I’ve spent the entire week trying to recover from jet lag from my 30 hour journey back from New Zealand. Twice this week I have watched the sunrise. Between the long flights, long layovers, and of course the time difference, I have been struggling to get back on a normal schedule. But it was all worth it because I got to spend in a week in New Zealand playing a small part in the fight for Pompe patients’ right to receive enzyme replacement therapy (ERT).
In New Zealand they have a government run department called PHARMAC. Since New Zealanders are “entitled” to “free” health care it is important to keep the costs down so treatment is available to most of the people. There are 4 million people living in New Zealand and 5 of them are currently dying from Pompe Disease, even though there is an effective treatment available – ERT. PHARMAC feels this treatment is too expensive, so the Pompe Kiwis go without. Applications made by patients and doctors for the approval of ERT have been denied with PHARMAC stating that although patients would probably benefit from the treatment, the price is just too high.
However, I believe the public feedback PHARMAC received from stating the price was too high forced them to retreat and bring the question of efficiency to the table. The ugly public backlash and slew of angry letters has mysteriously gotten PHARMAC to now say they are not sure how effective the treatment really is, that there is not enough evidence proving it does any good. They are now saying that what improvement may be experienced, is just not enough to justify the cost. I feel they know this treatment works, but had to bring cost back into play to justify denying this treatment to the patients, as placing the sole reason for denying treatment on the cost proved to be very detrimental to PHARMAC and the government – in an election year.
I was asked to join Lysosomal Diseases New Zealand’s (LDNZ) campaign to try to once again get funding for ERT approved. The day after I arrived I met up with some folks from the LDNZ, the Muscular Dystrophy Association, and 3 of the local Pompe patients. We headed up to Parliament where we met up with a journalist from Radio NZ. We passed through security and approached the reception desk. John, from the LDNZ put in a request to meet with Prime Minister John Key. During his last campaign, John Key, had promised to make orphan drugs accessible to New Zealand patients. That hasn’t happened and he is on the eve of another election, so it seemed like a great time to ask him about this seemingly forgotten campaign promise. We knew the Prime Minister was not in the building because he was attending a funeral elsewhere. It was our hope that a member of his staff would meet with us. The receptionist told us that a member of the Prime Minister’s staff would be down to meet with us shortly. We waited in the lobby and the reporter from Radio NZ interviewed us individually. Note: she kept her recorder running the whole time and captured everything, including the receptionist confirming with the Prime Minister’s office that someone would be down to meet with us. After waiting about 20 minutes or so, a security officer came over to speak to us. He informed us that no one from the Prime Minister’s office was coming to meet with us and that we had to leave. What? We were not causing a scene and this was a public building…oh, and we were just told that someone was coming to meet with us. The security officer was adamant that no one was meeting with us, and that we had to leave immediately. It became a sort of stand off between us and the young security guard. We were in a public building and we did have an appointment in a few hours with a member if the opposition party, Grant Robertson. The security officer then made some phone calls and came back to tell us that Grant would see us right away. We were escorted out of the Beehive lobby and into the adjoining building where Grant met with us.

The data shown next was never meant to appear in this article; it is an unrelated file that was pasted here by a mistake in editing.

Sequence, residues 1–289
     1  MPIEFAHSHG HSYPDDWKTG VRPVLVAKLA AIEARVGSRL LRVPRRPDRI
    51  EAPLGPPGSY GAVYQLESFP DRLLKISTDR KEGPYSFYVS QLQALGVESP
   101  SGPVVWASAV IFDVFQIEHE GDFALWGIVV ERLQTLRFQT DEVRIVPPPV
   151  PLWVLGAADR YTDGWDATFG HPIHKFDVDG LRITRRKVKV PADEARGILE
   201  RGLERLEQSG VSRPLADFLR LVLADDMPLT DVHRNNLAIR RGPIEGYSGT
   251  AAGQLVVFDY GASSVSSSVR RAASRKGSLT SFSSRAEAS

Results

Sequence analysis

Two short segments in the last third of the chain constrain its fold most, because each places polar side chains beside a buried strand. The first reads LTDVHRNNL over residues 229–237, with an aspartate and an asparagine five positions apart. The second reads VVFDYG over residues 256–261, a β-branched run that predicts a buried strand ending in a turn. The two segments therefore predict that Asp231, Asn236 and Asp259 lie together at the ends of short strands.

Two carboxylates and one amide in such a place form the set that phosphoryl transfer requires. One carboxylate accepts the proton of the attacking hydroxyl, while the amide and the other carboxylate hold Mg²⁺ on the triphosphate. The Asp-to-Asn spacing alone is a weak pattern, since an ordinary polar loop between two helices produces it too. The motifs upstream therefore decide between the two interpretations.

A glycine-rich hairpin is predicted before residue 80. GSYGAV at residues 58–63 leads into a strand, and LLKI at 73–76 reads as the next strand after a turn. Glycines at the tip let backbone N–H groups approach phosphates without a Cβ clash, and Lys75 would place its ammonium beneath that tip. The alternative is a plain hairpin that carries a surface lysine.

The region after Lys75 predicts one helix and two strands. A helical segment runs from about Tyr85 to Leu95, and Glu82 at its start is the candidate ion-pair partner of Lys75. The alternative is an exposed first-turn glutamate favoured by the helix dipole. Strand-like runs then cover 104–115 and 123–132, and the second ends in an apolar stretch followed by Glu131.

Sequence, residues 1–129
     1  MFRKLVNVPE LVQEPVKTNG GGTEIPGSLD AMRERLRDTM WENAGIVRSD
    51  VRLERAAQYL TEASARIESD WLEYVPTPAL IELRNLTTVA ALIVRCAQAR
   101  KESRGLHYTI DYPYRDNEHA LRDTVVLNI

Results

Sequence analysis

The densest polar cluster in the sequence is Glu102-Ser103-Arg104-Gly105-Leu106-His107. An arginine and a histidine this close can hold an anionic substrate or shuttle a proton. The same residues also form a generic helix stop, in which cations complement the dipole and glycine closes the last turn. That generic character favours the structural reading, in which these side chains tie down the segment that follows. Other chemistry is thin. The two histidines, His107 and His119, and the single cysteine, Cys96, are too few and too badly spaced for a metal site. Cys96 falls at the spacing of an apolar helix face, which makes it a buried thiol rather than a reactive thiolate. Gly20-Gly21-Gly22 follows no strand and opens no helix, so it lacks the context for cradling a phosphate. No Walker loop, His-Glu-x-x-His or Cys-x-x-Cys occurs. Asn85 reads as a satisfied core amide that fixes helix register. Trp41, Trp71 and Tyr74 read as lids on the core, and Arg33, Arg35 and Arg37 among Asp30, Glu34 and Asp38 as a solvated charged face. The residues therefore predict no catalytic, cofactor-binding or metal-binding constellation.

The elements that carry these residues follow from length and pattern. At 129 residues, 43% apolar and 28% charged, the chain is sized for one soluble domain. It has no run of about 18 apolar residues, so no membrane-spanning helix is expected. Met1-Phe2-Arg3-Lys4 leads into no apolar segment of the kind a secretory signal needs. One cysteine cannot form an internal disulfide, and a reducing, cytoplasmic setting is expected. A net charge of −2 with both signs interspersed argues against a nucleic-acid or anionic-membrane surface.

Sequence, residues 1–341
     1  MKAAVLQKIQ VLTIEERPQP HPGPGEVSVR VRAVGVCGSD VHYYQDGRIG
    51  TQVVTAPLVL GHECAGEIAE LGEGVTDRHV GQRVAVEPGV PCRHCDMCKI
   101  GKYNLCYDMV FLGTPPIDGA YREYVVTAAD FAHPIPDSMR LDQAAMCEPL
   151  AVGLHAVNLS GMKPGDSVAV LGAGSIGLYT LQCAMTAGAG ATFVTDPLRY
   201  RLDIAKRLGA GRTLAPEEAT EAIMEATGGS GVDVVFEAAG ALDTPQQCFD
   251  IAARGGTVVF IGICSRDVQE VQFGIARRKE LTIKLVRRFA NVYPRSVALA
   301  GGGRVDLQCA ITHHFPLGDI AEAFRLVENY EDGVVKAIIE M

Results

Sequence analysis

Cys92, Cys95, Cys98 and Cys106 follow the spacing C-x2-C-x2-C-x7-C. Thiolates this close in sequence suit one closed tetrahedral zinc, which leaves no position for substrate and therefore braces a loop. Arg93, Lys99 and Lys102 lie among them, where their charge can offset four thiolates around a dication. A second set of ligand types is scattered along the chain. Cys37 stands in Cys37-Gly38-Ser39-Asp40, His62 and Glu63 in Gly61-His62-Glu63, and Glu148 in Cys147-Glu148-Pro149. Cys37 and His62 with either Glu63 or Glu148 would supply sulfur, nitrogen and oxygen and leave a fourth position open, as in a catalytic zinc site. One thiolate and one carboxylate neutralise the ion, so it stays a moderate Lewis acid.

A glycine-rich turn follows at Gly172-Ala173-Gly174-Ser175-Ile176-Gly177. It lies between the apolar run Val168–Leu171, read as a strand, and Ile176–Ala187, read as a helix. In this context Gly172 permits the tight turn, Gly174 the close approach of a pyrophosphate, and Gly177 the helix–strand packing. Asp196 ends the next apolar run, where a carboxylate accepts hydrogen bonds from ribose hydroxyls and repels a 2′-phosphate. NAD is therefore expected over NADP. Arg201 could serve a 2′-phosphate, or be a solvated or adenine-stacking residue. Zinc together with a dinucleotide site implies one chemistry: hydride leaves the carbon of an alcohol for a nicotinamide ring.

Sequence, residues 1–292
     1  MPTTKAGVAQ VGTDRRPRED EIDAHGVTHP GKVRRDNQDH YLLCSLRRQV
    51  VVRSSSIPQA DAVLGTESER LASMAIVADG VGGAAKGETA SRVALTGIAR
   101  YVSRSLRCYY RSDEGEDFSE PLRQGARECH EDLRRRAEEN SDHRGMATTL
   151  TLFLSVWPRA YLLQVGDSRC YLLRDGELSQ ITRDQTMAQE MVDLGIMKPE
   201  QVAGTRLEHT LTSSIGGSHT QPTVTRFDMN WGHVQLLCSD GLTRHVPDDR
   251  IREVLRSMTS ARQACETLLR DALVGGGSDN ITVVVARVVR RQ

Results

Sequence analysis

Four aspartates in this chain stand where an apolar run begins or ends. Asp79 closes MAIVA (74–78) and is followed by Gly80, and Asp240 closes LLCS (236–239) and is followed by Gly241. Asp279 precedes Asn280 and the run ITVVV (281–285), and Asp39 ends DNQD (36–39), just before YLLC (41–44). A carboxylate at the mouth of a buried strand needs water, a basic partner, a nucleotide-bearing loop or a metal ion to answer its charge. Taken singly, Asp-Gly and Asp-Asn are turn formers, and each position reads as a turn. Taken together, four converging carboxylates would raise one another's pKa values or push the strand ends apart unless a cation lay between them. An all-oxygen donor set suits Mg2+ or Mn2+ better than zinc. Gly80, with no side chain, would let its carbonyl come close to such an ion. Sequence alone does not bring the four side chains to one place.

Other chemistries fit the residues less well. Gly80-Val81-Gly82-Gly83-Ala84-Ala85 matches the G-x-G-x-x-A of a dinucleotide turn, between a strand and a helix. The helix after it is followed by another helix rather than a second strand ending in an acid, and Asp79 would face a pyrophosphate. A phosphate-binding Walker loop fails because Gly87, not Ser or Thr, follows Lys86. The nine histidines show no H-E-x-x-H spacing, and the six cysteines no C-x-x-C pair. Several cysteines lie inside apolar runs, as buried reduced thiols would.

Grant is the MP for Wellington Central, Spokesperson for Health and Associate Spokesperson for Arts, Culture & Heritage. Grant listened to us as we relayed the mornings events and he apologized for how we were treated by the Prime Minister’s office. He was very interested in hearing how I had benefited from the treatment, how it was administered, and how much trouble I had getting my insurance to cover it. I told him how over 50 other countries have found a way to make this treatment available to patients. Grant encouraged us to continue to try and get in with the PM’s staff, specifically his Health Advisor. If Grant’s party were to win in the election, he would most likely become the new Health Minister, replacing Tony Ryall. He confirmed our theory that Tony Ryall couldn’t really do anything about the matter, that change would have to come from either PHARMAC or the Prime Minister as the Health Minister is bound by legislation that doesn’t give him the power needed to approve this treatment.
Radio NZ aired the piece about us getting turned away at Parliament on their noon broadcast. This immediately got us more media attention. The next day we met with producers from two television stations. They filmed us outside the Parliament building which brought on the attention of several security guards, but no one asked us to leave. They interviewed each of us, and again a special interest was taken in how well the treatment is working for me.